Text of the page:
Clarity for the New Year

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I don’t make New Year’s resolutions. But I always feel a renewed sense of mission and purpose as January opens into a new year. A good break over the holidays allows for shedding some old worries, and offers a chance to let a new perspective emerge. I purposely do not work during this time, unless an emergency arises. With the rest I am more ready to help meet the challenges the world presents to many of us and to see more clearly where we are headed, and where we need to develop. It is a time for clear vision, and renewed commitment.

This year has been no different, and I feel that renewed energy once again. I am even ready for a new round of meetings, as well as for the ongoing problem solving and creative thinking that makes up administrative work. Each year brings new challenges and opportunities—sometime it is difficult to distinguish one from the others. I look forward to see once again the accomplishments of our students and professors. My colleagues tell me they are ready too.

This week students and professors will slowly begin to return. The semester starts next week but professors are at work already making final changes to syllabi, reading and gathering new material and planning for each of their courses. This is one of the few slower times of the year for us. By February, the semester will be full-speed-ahead through finals in May for the traditional semester programs, and the ongoing cycle of year-round programs will continue to move steadily through June. Each profession has its rhythms and patterns—this is one of ours. We are ready for the start of a new semester.

As we move forward where are we going? And what is our agenda for the year? Let me note just a few items:

  • We always focus on student success, achievement of learning outcomes and preparation for future service. This is the core of what we do as an institution of higher learning. We have had great success, and we are known for it. You can see a reflection of this success in the recent Advance, the news magazine of the Council for Christian Colleges & Universities (see page 40). When students learn, succeed, develop, pursue their goals and grow personally we see student achievement.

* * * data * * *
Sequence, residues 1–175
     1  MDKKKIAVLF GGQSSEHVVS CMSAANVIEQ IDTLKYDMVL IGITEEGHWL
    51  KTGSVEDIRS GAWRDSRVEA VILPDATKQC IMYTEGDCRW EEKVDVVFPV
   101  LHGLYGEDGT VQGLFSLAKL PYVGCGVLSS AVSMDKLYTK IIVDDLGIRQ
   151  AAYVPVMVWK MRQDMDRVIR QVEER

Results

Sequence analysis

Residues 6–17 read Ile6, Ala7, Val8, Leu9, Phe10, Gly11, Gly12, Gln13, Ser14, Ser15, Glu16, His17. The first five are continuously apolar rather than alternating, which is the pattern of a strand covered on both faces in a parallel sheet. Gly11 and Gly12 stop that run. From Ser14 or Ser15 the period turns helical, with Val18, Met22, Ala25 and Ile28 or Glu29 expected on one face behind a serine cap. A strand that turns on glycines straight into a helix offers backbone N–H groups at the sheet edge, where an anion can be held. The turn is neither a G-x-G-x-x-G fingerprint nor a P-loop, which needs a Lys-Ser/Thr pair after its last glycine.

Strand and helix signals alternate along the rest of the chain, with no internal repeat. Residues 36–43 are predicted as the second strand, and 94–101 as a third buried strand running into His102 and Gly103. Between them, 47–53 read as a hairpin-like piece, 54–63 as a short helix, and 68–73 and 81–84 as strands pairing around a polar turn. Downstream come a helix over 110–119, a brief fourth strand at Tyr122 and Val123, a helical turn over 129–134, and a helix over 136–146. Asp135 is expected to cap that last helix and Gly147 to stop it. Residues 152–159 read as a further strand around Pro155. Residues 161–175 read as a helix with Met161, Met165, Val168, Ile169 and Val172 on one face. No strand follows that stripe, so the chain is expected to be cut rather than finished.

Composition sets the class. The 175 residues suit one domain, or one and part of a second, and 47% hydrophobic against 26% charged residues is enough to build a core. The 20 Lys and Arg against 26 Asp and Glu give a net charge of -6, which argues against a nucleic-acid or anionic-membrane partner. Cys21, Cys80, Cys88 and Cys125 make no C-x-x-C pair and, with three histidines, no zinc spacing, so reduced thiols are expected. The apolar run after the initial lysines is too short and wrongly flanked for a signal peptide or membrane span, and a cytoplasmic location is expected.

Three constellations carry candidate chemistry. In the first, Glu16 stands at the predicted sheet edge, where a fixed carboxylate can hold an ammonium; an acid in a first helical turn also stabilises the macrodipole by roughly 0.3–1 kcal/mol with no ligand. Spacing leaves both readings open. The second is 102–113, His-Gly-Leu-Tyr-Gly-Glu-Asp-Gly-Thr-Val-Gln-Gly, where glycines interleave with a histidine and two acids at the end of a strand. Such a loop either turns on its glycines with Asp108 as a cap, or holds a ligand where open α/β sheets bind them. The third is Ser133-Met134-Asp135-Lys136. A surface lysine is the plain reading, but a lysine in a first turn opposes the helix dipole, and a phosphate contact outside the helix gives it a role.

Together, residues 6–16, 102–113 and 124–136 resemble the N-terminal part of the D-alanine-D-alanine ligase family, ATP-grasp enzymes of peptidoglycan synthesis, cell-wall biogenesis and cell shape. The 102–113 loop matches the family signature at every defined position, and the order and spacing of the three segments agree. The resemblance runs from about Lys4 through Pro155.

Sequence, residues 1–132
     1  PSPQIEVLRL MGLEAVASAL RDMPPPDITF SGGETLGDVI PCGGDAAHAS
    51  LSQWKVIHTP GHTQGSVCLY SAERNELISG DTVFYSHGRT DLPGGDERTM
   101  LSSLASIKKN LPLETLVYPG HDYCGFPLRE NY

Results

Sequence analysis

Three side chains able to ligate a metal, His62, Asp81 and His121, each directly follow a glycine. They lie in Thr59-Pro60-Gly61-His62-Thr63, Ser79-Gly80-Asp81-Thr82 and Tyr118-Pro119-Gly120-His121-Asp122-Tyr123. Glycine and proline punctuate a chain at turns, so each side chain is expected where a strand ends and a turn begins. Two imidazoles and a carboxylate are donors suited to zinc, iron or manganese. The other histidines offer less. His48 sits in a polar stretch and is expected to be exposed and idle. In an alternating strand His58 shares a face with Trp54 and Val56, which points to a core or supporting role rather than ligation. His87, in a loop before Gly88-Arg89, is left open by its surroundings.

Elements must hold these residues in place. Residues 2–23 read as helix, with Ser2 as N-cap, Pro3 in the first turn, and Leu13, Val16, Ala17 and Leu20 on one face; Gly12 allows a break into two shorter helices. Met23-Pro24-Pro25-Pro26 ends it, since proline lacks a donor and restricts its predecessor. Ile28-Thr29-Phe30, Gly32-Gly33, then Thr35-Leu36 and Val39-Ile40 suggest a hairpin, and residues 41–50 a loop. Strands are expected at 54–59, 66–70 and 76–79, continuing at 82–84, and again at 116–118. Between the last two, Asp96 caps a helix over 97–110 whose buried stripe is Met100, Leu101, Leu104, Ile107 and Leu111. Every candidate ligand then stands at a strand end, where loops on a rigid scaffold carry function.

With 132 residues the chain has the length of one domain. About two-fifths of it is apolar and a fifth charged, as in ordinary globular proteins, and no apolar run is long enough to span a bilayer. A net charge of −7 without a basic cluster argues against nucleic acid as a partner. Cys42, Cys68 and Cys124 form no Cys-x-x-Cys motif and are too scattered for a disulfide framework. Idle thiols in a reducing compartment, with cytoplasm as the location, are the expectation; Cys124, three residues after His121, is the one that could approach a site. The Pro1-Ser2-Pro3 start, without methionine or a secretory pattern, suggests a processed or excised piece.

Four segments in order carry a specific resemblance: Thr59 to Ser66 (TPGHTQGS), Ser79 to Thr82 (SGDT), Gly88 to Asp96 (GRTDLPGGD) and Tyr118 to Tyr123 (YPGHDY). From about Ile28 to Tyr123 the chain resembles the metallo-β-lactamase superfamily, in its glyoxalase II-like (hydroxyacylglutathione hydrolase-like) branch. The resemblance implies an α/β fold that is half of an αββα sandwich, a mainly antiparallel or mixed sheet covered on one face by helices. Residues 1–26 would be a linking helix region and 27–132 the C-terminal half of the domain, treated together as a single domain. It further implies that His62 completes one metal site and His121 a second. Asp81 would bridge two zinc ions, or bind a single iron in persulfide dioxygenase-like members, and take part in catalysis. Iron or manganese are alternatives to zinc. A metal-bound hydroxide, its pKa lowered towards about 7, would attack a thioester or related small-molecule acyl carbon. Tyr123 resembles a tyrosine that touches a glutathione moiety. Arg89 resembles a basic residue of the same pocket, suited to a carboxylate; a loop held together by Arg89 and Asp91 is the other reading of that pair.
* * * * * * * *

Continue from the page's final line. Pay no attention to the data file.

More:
• We are working to achieve the vision embodied in our strategic plan. The first priorities are development of diversity efforts, development of academic programs to meet student and regional needs, enrollment growth (especially in degree completion and online programs) and streamlining and simplifying our working culture on our campuses. The strategic plan is outlined in the latest Pacific magazine (see page 7). The strategic plan guides us toward becoming an institution that can thrive and achieve its mission in our current and developing environment.

We are Christian university, a unique institution in higher education, with a unique vision of Christian community and a mission to see spiritual growth and transformation in students. We seek to be a better one—isn’t that always the case? We are continuing our exploration of Gracious Christianity—what this means for us, and how it might help us understand ourselves and our students, better serve those students and improve as a university. This one of my favorite lines from the book: “…we can be assured that the future is in the hands of a God who loves us more than we love ourselves and who loves the entire world in the same way. That love is the source of all of the grace we experience in our own lives, and is the wellspring of the graciousness we seek to show to others.”